But it wasn't even so much what Podsednik did as when he did it. Because this was a game that had spent the previous three innings weaving in all directions, like a runaway bus.

One minute, the Astros held a 4-2 lead with two outs in the seventh inning. The next, a pitch that clearly hit the bat of White Sox 3-hole hitter Jermaine Dye was mysteriously ruled a hit-by-pitch.

That loaded the bases and extended the inning. So of course, just four pitches later, that had to lead to a Paul Konerko grand slam. Off an Astros reliever (Chad Qualls) who, naturally, was working on a string of 7 1/3 consecutive hitless postseason innings before that.

And that meant none of Podsednik's heroics was even going to be necessary. Except that, with two outs in the ninth, the Astros had to tie this game. On a two-run single by Jose Vizcaino, a guy who hadn't even gotten a hit in one day shy of a whole month.

And of course, Vizcaino got this hit off the heretofore-untouchable Bobby Jenks -- a pitcher who had given up one hit to the 16 hitters he'd faced this postseason before Sunday.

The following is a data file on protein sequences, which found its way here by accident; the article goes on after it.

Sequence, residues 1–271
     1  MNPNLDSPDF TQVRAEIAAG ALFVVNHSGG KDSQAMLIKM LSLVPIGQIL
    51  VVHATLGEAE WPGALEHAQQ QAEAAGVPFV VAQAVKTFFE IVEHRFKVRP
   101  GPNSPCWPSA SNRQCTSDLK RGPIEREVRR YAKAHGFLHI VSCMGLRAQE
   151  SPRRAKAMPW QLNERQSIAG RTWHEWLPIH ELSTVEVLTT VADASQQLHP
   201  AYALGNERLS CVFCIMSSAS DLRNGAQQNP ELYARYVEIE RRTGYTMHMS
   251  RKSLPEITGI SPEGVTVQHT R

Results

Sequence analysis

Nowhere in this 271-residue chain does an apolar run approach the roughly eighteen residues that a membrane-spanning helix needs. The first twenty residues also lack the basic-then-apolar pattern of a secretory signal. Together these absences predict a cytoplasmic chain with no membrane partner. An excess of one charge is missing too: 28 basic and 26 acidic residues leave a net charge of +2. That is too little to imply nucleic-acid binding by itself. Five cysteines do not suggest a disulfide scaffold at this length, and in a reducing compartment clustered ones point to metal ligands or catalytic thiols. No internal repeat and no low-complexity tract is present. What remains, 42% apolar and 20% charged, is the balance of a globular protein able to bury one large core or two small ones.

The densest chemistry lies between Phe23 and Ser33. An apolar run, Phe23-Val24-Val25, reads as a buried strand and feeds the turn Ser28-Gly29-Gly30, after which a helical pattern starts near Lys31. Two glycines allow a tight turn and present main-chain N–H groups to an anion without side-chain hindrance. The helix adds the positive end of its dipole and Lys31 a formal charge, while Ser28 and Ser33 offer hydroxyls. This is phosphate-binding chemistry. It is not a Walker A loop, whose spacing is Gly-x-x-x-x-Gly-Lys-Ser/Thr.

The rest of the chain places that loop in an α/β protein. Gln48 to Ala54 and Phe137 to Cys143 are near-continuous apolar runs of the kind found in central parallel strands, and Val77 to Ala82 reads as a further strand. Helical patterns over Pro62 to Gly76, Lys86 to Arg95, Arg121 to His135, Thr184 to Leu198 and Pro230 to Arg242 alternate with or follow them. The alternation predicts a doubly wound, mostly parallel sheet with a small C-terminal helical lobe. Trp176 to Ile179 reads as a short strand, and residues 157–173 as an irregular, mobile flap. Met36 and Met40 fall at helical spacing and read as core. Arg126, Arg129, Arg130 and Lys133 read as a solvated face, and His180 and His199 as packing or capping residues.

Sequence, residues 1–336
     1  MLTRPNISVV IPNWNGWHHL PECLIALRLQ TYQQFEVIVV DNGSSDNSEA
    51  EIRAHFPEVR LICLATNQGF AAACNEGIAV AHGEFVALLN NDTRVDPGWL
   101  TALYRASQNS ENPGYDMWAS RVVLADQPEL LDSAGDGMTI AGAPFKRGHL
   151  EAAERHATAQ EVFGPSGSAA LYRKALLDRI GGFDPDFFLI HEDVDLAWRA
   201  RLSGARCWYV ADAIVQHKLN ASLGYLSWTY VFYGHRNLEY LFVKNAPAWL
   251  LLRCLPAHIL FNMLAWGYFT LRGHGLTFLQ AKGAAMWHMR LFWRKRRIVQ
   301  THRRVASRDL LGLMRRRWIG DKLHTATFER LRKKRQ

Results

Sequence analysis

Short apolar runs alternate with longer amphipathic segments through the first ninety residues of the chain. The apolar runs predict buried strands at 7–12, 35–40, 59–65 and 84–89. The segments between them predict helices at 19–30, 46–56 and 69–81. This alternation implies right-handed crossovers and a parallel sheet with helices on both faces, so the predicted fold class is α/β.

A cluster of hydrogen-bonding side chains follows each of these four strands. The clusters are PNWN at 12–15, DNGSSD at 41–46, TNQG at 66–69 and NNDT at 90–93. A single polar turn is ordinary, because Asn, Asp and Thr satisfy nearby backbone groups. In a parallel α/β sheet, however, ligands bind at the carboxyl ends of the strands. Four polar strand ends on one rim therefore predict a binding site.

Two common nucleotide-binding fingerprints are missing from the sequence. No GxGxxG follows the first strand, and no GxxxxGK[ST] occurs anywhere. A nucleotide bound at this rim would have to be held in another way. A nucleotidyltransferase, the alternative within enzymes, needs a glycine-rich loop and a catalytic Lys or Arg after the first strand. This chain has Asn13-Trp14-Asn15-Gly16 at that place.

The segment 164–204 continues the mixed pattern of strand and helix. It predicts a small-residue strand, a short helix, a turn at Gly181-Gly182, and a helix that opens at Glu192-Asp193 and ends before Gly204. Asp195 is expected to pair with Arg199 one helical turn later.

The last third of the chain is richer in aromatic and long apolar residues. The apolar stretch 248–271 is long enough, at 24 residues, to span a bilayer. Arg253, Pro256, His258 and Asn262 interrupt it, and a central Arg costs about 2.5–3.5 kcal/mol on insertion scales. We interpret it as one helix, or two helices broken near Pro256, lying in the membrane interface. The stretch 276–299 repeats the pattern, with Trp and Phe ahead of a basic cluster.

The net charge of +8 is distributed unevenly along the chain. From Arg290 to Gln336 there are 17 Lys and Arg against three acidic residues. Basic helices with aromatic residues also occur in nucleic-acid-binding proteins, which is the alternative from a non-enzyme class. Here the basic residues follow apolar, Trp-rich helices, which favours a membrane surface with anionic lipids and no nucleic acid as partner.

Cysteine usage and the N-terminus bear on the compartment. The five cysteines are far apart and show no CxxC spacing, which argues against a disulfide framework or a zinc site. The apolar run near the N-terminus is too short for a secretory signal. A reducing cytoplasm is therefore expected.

Which brought us to this: A 6-6 game. Bottom of the ninth. Raindrops exploding all over the South Side of Chicago. Jaws dropping all over America.

It began with Lidge jogging out of the Houston bullpen, ready to expunge the Pujols nightmare lingering from his previous journey to the mound.

"Obviously, I wanted to get back in there," Lidge would say later, amazingly composed. "I was happy to get the opportunity to get in the game tonight. Anyone would want to get back in as fast as they can after a bad game."

But for all those who thought that Lidge was still seeing Pujols hallucinations every time he stared at home plate, Lidge has a message for you: His brain doesn't operate that way.

"I know a lot of people want to think I was remembering that, but I wasn't," he said. "The next hitter I faced in that game was Reggie Sanders, and I was able to strike him out. ... And then it was over. You move on. It was definitely in the rear-view mirror. It's nothing I was thinking too much about.